The aircraft would be dismantled at INS Dega and shifted to the site for assembling and converting it into a museum. The district authorities have finalised the tender for dismantling and shifting the aircraft. (IANS)

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Indian Navy bids farewell to TU 142M patrol aircraft

The end of Tupolev 142M's illustrious and successful career with the Indian Navy was marked by the de-induction of the aircraft

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navy
Tupolev 142M aircraft, wikimedia

Arakkonam, March 29: The Indian Navy’s long-range maritime patrol aircraft TU 142M, which played a key role in a number of key operations including the IPKF mission in Sri Lanka, was de-inducted today after a long run of accident-free service of 29 years.

The aircraft made in Russia was bid adieu by the Indian navy including its Chief Admiral Sunil Lanba at a ceremony at INS Rajali here, about 90 km from Chennai.

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The end of Tupolev 142M’s illustrious and successful career with the Navy was marked by the de-induction of the aircraft.

Tupolev 142M fleet is being replaced by 12 P-8I maritime surveillance aircraft of Boeing which are well-equipped with rockets, newly developed radars, harpoon anti-ship missiles, lightweight torpedoes, new generation sensors and much more advanced technology.

In 1988, TU 142M was introduced in the Navy at Dabolim in Goa from Russia. It shifted base to INS Rajali in 1992 and became a part of several naval exercises and operations in it’s long service-period.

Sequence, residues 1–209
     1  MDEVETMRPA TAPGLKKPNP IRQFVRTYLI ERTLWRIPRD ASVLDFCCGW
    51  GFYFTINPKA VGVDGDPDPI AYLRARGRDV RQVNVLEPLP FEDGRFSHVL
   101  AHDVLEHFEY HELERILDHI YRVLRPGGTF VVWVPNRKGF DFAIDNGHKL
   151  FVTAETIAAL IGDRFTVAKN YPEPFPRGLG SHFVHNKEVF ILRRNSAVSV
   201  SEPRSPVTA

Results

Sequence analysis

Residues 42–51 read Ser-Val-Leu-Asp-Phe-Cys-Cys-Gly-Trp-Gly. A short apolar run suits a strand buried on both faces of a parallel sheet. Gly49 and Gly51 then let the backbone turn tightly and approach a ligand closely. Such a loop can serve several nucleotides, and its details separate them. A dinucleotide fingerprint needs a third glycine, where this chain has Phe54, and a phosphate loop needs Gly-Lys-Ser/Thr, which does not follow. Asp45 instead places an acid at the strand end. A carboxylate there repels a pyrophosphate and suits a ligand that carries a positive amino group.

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Praising and remembering the services of the TU 142M, Admiral Lanba mentioned the key role played by the aircraft in several missions involving the Indian Navy including the Indian Peace Keeping Force (IPKF) operations in Sri Lanka in the late 1980s.

For Lanba and the navy, TU 142M stands as a proud symbol of pride and might, adding that the de-induction ceremony was an emotional moment for the personnel involved with it.

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According to PTI reports, he also mentioned that P-8i with its modern technology including new-generation sensors and radars will be a “force multiplier.

– prepared by Durba Mandal of NewsGram. Twitter: @dubumerang

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Indian subsidiary of French naval major DCNS contributes to Clean Ganga Fund

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River Ganga, Wikimedia

New Delhi, March 24, 2017: DCNS India, the Indian subsidiary of French naval major DCNS, on Friday said it has contributed to the Clean Ganga Fund.

“DCNS India’s contribution will enable to tackle major challenges posed to Ganga, holy river of India, in a comprehensive approach adopted by Government of India, through four different modes – wastewater management, solid waste management, industrial pollution and river front development,” said a company statement.

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The firm’s contribution was handed over to Upendra Prasad Singh, Director General, National Mission for Clean Ganga.

In his remarks at the occasion, DCNS India Managing Director Bernard Buisson said: “DCNS India is proud to contribute to Swachh Bharat (Clean India) Mission, in order to ensure effective abatement of pollution and conservation of Ganga.

“As major partner of MDL and the Indian Navy through the P75 submarines programme, DCNS Group endeavours to create long-term added-value in its activities while respecting environment and ocean protection. The Group places corporate responsibility at the heart of its sustainable growth.”

The Scorpene submarines are being built by Mazagon Dockyard Ltd at Mumbai under Project 75 with transfer of technology from DCNS. Out of the six vessels, two submarines are ready. (IANS)